• Form 5500 and accompanying schedules for most recent plan year and previous three years.
  • Listing of all current service providers and those from the past three years.
  • All current contracts with administrative service providers on the plan, and the most current fee schedules.
  • All insurance contracts between plan and service providers.
  • Name, address and telephone number of plan administrator.
  • Sample HIPAA certificate of creditable coverage and proof of compliance with on-time issuance of COBRA notices.
  • Notice of special enrollment rights and record of dates when notice was distributed to employees.
  • Written eligibility criteria for plan enrollment.
  • Documentation regarding all mandatory employee notices, such as Statement of ERISA Rights, Women’s Health and Cancer Rights Act notice, etc.
  • Copy of most recent monthly bill for premiums from insurance company.
  • Copy of check, wire transfer or other method of payment for insurance premium.
  • Enrollment form(s) for the plan.
  • Employee handbook.
  • All documentation of claim adjudication and payment procedures.
  • Fidelity bond (if any).

 

Fines

Fines can be substantial.

ERISA’s reporting and disclosure requirements carry a fine of $110 per day, per person, per violation for every plan participant who was covered under a single contract.

The fine is $200 for plan participants covered by a family contract.

ERISA fines represent just one flag from the DOL auditor and can cost the plan sponsor dearly. Most fines for noncompliance under the ACA are not tax-deductible, either.

 

auditor cube rendition

More Than Half of Employers Feel Unprepared to Manage ACA Compliance

A new study has found that more than half of large employers are not prepared to properly comply with all of the requirements of the Affordable Care Act.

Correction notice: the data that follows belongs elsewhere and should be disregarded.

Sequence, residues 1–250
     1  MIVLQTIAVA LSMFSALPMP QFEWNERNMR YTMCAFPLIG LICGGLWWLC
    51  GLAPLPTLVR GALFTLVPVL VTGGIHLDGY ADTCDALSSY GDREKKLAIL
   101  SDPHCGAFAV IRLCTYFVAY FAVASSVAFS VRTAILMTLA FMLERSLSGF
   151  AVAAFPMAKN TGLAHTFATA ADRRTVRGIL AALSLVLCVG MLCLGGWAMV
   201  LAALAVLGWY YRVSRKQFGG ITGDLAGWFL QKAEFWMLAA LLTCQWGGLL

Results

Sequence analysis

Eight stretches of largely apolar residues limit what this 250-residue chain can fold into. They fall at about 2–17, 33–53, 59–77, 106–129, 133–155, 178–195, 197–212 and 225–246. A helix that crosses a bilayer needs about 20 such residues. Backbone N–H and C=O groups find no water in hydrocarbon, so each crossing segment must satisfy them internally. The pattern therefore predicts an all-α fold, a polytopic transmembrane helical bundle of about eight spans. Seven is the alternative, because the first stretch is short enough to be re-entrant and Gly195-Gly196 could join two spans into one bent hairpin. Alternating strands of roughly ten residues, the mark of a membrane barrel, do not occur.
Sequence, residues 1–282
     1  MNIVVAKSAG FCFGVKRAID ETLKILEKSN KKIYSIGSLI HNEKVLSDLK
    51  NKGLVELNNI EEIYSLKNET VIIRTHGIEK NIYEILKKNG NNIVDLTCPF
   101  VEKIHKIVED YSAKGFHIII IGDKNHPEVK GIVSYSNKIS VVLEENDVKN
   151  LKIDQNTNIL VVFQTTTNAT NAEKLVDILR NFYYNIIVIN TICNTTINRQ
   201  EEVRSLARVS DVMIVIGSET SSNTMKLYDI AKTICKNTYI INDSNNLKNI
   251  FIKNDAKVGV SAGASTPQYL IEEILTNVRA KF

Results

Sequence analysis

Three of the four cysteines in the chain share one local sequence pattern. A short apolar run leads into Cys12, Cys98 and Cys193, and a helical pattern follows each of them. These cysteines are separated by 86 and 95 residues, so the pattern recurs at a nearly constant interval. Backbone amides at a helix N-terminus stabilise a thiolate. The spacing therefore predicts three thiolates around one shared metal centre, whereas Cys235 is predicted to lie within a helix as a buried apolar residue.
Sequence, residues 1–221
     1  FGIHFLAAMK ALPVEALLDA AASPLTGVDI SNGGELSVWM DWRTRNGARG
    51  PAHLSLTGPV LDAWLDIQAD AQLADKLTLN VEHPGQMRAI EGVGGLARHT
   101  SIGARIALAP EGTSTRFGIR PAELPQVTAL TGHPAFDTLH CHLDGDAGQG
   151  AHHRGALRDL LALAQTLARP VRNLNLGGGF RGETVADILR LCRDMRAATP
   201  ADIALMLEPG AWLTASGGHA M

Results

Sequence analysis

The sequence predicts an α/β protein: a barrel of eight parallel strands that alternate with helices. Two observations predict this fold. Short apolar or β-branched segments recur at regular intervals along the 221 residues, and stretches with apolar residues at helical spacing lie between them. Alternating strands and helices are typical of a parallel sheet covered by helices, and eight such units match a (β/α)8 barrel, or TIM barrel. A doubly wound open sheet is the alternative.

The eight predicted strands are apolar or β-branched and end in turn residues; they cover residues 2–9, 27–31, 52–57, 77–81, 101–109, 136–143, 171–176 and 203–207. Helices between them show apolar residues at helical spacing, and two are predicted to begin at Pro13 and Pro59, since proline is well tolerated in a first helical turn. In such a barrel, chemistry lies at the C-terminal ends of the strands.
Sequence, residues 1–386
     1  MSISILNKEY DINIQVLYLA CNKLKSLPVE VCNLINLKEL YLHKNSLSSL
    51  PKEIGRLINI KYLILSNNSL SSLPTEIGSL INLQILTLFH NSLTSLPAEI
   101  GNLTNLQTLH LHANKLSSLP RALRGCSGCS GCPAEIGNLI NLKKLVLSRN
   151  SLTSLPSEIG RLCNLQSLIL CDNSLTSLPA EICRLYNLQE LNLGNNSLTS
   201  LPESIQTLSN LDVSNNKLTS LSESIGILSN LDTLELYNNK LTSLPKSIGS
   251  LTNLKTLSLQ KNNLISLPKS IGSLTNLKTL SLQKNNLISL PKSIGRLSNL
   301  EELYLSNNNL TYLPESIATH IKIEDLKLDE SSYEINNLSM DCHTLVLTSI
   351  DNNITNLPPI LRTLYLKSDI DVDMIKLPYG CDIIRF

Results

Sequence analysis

The study by ADP, a payroll vendor, looked at how companies are gearing up to comply with the ACA’s regulatory requirements.

Because the research looked at the preparedness of large employers, which have sophisticated human resources departments, it is likely that small and mid-sized employers are even less prepared.

The study, “Affordable Care Act and Employer Confidence: Navigating a Complex Compliance Challenge,” found that while 70% of large employers are handling ACA compliance internally, these employers do not feel fully prepared to manage several critical compliance requirements, including:

  • Exchange notices (62% said they don’t feel prepared to deal with the notices)
  • ACA penalties (60%), and
  • Annual health care reporting (IRS Forms 1094/1095-C) (49%).

“As we meet with large employers, it has become clear that many don’t have the systems or processes in place to meet ACA compliance requirements,” said Vic Saliterman, senior vice president at ADP.

To clear the air, we provide the following guidance on these three areas of confusion:

 

Exchange notices  – The ACA requires employers to provide all new hires and current employees with a written notice about the option to purchase coverage through public health insurance exchanges. This requirement is found in Section 18B of the Fair Labor Standards Act.

In general, the exchange notice must:

  • Inform employees about the existence of the exchange and describe the services provided by the exchange and the manner in which the employee may contact the marketplace to request assistance;
  • Explain how employees may be eligible for a premium tax credit or a cost-sharing reduction if the employer’s plan does not meet certain requirements;
  • Inform employees that if they purchase coverage through the exchange, they may lose any employer contribution toward the cost of employer-provided coverage, and that all or a portion of this employer contribution may be excludable for federal income tax purposes; and
  • Include contact information for the exchange and an explanation of appeal rights.

 

The Department of Labor has provided the following model exchange notices:

  • You can find the model exchange notice for employers that do not offer a health plan here: http://www.dol.gov/ebsa/pdf/FLSAwithoutplans.pdf; and
  • You can find the model exchange notice for employers that offer a health plan here: http://www.dol.gov/ebsa/pdf/FLSAwithplans.pdf